MCCALL, Idaho—A pilot who was trying to crash-land this week in an Idaho field instead brought his small plane to rest at the top of a 60-foot tree, officials said.
Pilot John Gregory was not hurt in the Monday night crash, which happened when his single-engine Piper Cub PA-18 lost power and a wing strut became entangled in the tree, according to the fire department in the resort town of McCall.
Gregory was rescued from his perch atop the giant white fir by volunteer firefighter Randy Acker, who owns a tree removal company.
“My thought was, ‘I need to get up there and see what’s going on,’” Acker said.
Acker had Gregory stand up in the plane so he could cut the pilot’s harness and clip him to a safety line for the descent. Gregory was brought down safely with the plane still lodged in the branches.
Most of the weight of the plane was borne by one tree, but it also was touching a nearby tree.
“Those wings were perfectly centered over the top of the tree,” said McCall Fire Capt. Brandon Swain.
A piece of the plane’s propeller and one of its wheels had fallen to the ground, but the rest of the plane was intact, suspended in the tree.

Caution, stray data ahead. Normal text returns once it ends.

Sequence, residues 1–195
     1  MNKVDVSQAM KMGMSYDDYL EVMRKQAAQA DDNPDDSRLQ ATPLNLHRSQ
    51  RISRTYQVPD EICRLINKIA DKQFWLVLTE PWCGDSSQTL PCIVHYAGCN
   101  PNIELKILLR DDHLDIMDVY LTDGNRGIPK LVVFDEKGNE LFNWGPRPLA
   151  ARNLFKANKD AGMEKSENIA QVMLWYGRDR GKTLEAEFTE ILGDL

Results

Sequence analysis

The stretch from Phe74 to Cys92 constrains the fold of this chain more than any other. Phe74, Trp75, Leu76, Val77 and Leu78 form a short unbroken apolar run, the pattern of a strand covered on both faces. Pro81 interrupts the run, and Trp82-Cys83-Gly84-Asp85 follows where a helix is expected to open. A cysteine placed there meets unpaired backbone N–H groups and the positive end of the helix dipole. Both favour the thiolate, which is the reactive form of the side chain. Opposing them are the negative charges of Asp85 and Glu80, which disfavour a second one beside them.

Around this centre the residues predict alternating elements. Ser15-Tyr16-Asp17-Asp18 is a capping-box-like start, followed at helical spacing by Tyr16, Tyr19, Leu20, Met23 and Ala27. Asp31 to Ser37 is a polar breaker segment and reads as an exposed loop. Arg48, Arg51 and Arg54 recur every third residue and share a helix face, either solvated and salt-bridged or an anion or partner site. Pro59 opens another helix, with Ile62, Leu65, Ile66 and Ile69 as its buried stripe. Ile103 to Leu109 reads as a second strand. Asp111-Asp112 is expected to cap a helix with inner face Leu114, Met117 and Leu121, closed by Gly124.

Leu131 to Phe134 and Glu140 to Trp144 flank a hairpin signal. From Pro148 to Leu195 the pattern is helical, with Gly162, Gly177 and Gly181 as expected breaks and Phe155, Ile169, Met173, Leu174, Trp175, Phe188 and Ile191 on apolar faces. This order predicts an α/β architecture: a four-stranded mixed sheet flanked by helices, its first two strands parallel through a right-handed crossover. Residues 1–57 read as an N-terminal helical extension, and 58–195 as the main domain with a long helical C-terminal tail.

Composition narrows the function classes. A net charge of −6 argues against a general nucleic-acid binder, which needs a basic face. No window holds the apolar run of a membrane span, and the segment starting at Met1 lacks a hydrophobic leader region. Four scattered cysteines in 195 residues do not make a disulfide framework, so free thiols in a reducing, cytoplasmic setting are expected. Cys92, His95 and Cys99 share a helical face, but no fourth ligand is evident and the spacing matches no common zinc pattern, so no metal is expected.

Acker cut branches as he scaled the tree until he was about 20 feet from the top, where higher branches were supporting the plane.
Swain said Acker then secured the plane to the tree using rope webbing before Gregory was rescued.
“I’ve never seen anything like this happen,” Acker said. “Just glad I was able to help.”
Officials are trying to determine how to remove the plane from its perch and warned people to stay away from it.
Grandparents Survive Illinois Plane Crash
Authorities say a 4-year-old boy and his grandparents were rescued after their small plane crashed in southern Illinois.
The fixed-wing single-engine Piper PA-32 was traveling from Mobile, Alabama, when it went down in rural Monroe County on its way to St. Louis Downtown Airport in Cahokia, Illinois, on March 12.
The plane crashed into the yard of Waterloo police officer Trin Daws. He says he and another man broke the plane’s windows with a fire extinguisher and pulled the boy out.
Sheriff’s Maj. Jim Lansing says the boy, his grandmother and his grandfather were talking when they were taken to hospitals. He says they suffered injuries that weren’t life-threatening.
Lansing says the grandmother told authorities a warning light went on, oil was spewing onto the windshield and they couldn’t see.